Joe, a soccer and football player, encouraged his little brother Tim, to join the football team, but Tim decided that football was unfit for him due to his size. Joe advised Tim to play another sport in addition to soccer to stay active and earn P.E. credits, so Tim joined the track team. Although they have never played on the same soccer team or the same sport during the soccer offseason, they have been nevertheless pushing each other to improve.

“Tim has really helped me stay competitive,” said Joe. “There was a time when Tim started getting really fast at long distance running, and that pushed me to train harder.”

They rarely have the opportunity to watch each other play since their games coincide or are played on different fields. However, they update each other on what happened after their respective games. Joe usually teaches Tim offensive techniques that he uses and encourages him to apply them to his game. To Tim, Joe is the guiding figure who has introduced him to every sport that he plays, gives him advice on sports and school and inspired him to work hard.

“My brother works really hard, which I really admire,” said Tim. “He’s really smart and athletic, and that is also what I want to be.”

In addition to soccer, football and track, the two brothers play frisbee recreationally. They picked it up at a summer camp a few years ago, and now use it to bond with each other and relieve stress.

Like many brothers, Joe and Tim enjoy sharing YouTube videos and talking about video games such as League of Legends. Almost every day, they will watch video togethers while doing homework, sharing another experience that allows them to bond and appreciate each other’s company. As brothers, they enjoy light teasing, but ultimately inspire each other.

“I think my brother has worked harder than me,” said Joe. “It’s tough for him on sports teams because he’s usually the smallest one. I’m very proud that he is able to power through all the adversity.”


Since her freshmen year, senior Lauryn Ito has attended every football game at Lynbrook. Whenever she hears “Number 45: Hayden Ito” announced on the field, Lauryn never misses her chance to cheer for her twin brother. The two have been playing sports and supporting each other for as long as they can remember.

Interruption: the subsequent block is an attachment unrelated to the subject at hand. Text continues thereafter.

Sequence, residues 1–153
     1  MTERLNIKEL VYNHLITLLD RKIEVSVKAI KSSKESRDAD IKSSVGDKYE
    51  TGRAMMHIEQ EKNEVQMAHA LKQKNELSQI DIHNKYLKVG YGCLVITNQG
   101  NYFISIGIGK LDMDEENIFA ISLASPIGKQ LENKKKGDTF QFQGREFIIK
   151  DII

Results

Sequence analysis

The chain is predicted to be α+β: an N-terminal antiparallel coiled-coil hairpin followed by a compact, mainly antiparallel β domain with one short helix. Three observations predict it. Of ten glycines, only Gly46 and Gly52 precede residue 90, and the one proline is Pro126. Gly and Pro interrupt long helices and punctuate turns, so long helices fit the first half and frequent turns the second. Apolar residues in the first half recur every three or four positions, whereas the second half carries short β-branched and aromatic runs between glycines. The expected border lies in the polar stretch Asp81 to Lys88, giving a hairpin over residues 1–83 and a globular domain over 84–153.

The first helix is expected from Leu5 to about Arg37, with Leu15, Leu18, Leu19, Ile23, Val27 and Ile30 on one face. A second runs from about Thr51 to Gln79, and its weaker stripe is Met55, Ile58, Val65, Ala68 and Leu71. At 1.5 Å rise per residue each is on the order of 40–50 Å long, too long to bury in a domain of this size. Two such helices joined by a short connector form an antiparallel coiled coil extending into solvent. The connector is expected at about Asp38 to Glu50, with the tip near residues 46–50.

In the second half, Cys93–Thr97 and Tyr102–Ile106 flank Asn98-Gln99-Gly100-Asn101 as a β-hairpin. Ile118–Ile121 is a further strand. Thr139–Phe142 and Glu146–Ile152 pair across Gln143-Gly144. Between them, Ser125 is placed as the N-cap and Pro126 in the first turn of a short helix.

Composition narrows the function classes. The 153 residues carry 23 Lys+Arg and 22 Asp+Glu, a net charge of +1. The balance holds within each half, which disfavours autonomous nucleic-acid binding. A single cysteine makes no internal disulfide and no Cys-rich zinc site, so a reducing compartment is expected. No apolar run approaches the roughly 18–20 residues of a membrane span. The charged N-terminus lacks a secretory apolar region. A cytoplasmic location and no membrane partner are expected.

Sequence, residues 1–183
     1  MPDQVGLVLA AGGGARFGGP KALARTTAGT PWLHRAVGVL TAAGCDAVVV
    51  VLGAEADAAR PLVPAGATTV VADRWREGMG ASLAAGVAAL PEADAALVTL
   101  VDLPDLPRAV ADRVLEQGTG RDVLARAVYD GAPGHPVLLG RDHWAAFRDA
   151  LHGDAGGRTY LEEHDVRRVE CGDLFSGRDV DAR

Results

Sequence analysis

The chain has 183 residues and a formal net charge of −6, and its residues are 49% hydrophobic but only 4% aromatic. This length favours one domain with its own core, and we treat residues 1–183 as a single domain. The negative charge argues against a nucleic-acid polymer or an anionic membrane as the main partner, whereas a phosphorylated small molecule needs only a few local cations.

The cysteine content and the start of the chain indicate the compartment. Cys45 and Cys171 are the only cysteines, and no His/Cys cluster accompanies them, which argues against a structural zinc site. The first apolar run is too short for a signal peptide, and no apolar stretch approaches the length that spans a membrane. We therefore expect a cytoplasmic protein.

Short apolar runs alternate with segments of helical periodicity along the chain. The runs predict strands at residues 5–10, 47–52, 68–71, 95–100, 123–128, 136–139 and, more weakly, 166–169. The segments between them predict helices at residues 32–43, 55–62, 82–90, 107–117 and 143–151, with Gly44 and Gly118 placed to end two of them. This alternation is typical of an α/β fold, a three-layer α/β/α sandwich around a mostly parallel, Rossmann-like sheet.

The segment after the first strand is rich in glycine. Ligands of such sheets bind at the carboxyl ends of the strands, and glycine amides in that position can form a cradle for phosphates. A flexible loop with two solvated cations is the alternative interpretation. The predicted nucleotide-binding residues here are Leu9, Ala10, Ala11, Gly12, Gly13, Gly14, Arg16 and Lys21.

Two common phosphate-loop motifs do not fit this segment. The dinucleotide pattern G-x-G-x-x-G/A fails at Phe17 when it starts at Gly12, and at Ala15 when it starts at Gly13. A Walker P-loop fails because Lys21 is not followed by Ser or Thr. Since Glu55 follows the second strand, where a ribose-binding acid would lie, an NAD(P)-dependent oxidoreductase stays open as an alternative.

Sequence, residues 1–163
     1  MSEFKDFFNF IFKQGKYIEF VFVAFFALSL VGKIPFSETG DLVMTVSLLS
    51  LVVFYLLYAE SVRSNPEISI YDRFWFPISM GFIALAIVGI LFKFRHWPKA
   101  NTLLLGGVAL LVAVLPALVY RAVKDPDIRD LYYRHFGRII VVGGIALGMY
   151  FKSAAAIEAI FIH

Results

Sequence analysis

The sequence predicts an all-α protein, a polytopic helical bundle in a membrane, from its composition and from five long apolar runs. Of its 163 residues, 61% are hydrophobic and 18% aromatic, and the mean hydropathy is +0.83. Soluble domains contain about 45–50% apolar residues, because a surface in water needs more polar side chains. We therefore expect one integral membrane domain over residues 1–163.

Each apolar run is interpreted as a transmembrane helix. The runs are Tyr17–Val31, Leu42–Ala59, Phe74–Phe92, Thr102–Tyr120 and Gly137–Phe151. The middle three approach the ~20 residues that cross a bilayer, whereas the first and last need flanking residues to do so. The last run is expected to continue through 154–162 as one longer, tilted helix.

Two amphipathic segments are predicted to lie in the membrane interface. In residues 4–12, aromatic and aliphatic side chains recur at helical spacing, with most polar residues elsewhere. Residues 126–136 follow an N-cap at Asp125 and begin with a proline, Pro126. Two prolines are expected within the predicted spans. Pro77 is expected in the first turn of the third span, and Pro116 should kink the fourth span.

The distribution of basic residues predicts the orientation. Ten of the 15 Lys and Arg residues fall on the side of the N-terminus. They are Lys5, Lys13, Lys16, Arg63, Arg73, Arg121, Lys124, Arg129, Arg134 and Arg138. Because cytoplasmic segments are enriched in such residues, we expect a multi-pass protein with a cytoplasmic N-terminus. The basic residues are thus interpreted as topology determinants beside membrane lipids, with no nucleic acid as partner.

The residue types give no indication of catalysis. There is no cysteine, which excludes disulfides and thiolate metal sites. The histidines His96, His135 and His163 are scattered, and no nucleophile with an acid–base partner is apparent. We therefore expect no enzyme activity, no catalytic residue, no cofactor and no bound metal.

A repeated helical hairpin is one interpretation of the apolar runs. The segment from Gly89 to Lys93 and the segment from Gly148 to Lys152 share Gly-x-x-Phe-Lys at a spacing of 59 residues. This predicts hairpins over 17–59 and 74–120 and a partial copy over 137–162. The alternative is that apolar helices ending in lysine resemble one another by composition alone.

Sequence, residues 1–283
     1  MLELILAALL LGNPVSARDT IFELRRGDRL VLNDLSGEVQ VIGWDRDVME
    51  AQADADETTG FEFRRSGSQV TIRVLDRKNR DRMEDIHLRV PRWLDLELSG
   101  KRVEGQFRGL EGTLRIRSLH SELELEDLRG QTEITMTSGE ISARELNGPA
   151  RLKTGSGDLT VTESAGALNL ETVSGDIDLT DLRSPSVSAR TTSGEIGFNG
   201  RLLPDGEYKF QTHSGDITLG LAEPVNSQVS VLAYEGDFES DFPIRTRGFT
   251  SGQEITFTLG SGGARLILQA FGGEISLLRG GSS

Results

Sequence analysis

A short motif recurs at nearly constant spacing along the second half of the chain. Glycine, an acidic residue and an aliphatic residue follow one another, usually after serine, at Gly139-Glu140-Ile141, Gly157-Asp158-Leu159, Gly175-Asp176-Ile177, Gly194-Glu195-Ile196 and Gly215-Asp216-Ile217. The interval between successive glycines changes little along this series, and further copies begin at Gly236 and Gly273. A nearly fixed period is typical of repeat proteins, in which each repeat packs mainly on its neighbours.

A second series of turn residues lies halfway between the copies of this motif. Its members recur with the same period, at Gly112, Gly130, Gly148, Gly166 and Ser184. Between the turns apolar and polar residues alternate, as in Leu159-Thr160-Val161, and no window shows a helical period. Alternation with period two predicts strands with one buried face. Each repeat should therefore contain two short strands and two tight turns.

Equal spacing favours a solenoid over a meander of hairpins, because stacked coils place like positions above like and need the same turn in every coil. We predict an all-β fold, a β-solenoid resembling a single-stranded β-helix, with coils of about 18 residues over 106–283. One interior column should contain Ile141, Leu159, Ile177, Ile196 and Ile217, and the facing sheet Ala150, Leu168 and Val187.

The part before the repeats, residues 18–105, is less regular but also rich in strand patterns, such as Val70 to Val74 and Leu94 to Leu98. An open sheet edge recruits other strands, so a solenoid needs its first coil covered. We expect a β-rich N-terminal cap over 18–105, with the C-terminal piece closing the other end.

“Because we are twins, we have been together for our whole lives,” said senior Hayden Ito. “When we were younger we did baseball, T-ball, soccer and swimming.”

At Lynbrook, Hayden and Lauren play football and field hockey respectively in the fall and wrestle in the winter. During the football season, Lauryn often sees Hayden come home with scrapes after football practice and admires the positive attitude he has toward his injuries.

“He never complains,” said Lauryn. “He is always happy after football practice and says, ‘That was fun.’ Even when he is really hurt, he insists that he can play.”

In the fall, Hayden tries to attend as many of Lauryn’s field hockey games as he can and is motivated by her desire to be a contributing member to the team.

“Lauryn is really passionate about what she does,” said Hayden. “She is always trying to make the team better, and fights to make her ideas heard.”

For the Ito family, sports have always played a big role in their lives. Hayden and Lauryn’s parents come to every football and field hockey game, and their grandparents even come to watch their games occasionally. They have also taken inspiration from their older brothers, Devyn and Bryce, who are also athletes. Hayden and Lauryn wanted to wrestle after watching Devyn. In sixth grade, he signed himself up for Miller Middle School’s wrestling team and told Lauryn to join as well.

“He dragged me into wrestling, but I am glad he did,” said Lauryn. “I would not be in the sport if it were not for him.”

As Lauryn faces the football field and sees the bright lights of the Lynbrook stadium that have become so familiar for her, she knows that Hayden is on the field giving his 110 percent and is reminded of the opportunities sports have given her to grow and bond with her family.

“Sports are a big part of our family,” said Lauryn. “We may not be the best athletes, but they are still very important to us.”